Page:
It was the scandal that rocket cricket. Considered a gentleman’s sport and one officiated and poured over by tacticians, aristocrats and sub-continental stars alike, many were shocked when revelations of fixing plays for the benefit of bookmakers went public.
In 2010 at Lords cricket ground, London, Pakistan played a 5-day test match against England. Afterwards videos were released by the, now defunct, News of the World newspaper. These videos portrayed bowlers Mohammad Asif and Mohammad Amir accepting money from bookmaker Mazhar Majeed.
It was later revealed that the money was gifted to the players in return for them bowling no-balls or foul balls at specific points in the test match. Leaving potential investigations into betting irregularity, the bookmaker involved hoped to be able to use such information (spot-fixing) to bet on no-balls and therefore gain financial advantage.
As Scotland Yard investigated this incident captain Salman Butt was dragged into inquiries. He became a central figure for the whole sordid affair.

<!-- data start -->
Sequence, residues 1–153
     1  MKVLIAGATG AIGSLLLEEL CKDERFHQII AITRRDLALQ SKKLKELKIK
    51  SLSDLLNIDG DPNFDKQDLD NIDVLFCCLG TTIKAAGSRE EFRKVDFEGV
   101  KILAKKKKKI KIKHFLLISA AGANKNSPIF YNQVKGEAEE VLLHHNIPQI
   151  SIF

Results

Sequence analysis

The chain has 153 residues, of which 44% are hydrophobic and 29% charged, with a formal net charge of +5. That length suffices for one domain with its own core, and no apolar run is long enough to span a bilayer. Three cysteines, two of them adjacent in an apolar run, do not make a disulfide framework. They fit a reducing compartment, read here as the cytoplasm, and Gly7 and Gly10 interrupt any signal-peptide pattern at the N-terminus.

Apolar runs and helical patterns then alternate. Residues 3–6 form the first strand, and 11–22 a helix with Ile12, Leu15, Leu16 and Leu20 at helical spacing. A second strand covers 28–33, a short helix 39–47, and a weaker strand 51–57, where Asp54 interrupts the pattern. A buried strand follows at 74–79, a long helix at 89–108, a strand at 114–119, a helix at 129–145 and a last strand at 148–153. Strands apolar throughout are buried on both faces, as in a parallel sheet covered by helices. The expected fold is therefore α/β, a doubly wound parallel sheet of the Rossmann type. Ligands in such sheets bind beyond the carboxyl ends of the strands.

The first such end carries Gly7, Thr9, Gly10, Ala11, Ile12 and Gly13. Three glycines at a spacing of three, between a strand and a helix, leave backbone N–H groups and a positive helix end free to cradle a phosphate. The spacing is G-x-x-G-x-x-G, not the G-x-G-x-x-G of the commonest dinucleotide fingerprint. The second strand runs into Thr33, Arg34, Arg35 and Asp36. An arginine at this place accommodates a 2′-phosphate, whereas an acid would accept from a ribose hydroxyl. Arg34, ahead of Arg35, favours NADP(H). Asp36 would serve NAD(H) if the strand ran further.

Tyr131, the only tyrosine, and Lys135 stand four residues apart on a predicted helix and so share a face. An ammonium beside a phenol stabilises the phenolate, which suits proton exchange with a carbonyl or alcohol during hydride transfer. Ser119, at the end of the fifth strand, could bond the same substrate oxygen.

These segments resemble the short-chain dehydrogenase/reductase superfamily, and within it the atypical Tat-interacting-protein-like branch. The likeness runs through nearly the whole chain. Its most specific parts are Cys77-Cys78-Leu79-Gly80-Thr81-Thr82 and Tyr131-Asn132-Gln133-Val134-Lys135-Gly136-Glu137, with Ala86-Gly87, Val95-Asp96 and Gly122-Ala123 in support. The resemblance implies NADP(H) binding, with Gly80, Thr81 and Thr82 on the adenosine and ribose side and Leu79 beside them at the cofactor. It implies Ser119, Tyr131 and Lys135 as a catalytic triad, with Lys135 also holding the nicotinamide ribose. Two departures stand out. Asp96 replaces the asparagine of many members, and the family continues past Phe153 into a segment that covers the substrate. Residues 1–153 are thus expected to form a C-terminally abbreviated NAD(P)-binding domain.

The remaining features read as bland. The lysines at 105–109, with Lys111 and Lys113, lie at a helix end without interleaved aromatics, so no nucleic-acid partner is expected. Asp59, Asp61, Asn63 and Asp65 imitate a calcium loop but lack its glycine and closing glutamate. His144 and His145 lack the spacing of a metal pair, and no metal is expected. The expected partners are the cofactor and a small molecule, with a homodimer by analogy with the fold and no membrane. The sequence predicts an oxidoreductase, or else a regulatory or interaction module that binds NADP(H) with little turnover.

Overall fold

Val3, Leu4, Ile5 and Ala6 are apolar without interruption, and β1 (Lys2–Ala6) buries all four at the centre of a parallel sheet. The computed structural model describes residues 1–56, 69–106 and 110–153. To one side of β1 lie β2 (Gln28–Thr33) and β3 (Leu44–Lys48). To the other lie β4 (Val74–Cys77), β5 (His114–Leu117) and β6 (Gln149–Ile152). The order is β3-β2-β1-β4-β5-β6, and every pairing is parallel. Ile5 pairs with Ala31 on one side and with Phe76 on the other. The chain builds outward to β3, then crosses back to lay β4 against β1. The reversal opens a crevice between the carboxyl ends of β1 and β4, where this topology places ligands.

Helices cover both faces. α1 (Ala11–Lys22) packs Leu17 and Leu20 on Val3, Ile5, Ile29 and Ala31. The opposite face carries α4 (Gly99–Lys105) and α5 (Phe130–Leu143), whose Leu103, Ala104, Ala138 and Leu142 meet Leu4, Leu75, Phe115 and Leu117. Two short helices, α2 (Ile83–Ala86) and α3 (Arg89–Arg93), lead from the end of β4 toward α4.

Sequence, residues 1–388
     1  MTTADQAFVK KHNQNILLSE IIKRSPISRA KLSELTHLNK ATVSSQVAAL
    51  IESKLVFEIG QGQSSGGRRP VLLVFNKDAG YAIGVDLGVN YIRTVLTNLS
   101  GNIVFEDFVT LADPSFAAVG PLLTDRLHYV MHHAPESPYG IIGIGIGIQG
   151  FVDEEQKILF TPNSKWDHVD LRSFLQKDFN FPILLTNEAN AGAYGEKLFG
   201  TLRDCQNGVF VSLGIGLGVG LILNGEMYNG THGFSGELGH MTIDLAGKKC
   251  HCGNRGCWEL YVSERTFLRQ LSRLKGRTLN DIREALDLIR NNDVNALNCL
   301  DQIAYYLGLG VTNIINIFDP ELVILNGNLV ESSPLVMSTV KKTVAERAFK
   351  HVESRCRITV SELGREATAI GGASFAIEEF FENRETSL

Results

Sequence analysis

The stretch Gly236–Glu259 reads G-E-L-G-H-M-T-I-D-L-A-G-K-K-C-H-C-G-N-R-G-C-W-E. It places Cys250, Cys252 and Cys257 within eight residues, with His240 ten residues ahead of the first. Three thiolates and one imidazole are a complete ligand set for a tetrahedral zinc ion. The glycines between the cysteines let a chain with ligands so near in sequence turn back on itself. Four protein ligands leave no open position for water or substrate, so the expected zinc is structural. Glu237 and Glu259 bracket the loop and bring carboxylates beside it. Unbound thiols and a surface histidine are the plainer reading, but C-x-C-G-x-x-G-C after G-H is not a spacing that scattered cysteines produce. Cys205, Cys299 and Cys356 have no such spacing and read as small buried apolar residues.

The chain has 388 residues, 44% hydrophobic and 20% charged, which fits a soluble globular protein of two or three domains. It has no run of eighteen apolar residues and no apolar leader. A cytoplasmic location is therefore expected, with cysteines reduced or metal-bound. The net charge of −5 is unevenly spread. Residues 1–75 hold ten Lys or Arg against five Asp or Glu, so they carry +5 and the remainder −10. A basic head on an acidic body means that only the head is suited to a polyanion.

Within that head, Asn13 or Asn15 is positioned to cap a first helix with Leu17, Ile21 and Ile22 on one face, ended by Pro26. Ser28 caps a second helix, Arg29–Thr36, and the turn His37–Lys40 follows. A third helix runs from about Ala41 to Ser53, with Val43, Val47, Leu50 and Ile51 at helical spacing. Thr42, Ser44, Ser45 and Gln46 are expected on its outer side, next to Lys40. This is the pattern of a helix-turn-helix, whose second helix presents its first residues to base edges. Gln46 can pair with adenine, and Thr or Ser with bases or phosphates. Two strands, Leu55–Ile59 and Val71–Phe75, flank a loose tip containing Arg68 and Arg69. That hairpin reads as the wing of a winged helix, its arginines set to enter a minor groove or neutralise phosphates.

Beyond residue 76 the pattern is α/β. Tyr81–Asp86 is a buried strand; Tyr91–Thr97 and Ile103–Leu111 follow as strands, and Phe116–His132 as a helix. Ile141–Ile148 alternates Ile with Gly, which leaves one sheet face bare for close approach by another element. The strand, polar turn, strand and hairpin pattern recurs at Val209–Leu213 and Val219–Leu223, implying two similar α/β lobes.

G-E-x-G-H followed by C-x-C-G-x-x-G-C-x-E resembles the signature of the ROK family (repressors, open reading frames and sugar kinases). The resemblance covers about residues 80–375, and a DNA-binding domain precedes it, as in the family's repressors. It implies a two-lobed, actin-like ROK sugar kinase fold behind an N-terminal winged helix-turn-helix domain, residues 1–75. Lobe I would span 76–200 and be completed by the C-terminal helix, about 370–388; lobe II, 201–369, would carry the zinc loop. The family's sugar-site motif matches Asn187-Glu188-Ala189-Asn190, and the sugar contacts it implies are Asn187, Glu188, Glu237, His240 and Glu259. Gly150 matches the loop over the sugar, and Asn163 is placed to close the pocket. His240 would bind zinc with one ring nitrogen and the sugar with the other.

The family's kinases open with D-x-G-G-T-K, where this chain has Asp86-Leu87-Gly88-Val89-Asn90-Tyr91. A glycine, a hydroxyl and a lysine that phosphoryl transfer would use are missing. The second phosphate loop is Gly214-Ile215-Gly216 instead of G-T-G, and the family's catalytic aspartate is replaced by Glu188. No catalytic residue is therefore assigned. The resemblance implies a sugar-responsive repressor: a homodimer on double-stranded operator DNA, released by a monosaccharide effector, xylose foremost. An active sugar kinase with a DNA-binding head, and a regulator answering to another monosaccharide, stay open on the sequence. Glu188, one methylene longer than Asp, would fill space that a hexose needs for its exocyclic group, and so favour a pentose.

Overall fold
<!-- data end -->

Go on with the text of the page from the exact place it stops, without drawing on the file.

In the end the players were all found guilty of charges of match fixing, alongside Majeed, and all went to jail. The length of sentence varied –Amir pleaded guilty in the first instance and was therefore dealt with more leniently –but Butt was handed the longest term for the players, 30 months.
Today Butt was released from Canterbury prison after serving only 7 months of his sentence, with Amir and Asif being released earlier this year.
It is believed that Butt was released under the auspices of a scheme that deports foreign nationals months before established release dates as long as they are deported to their state of origin and agree not to return to the UK for 10 years.
If this is the case then Butt may have had an upturn in fortune, but the cost is great, particularly as he claims he wants to rebuild his top level cricket career. As it stands the opening batsman is banned from all forms of the game until late 2016.
Majeed is still serving his prison sentence of 32 months.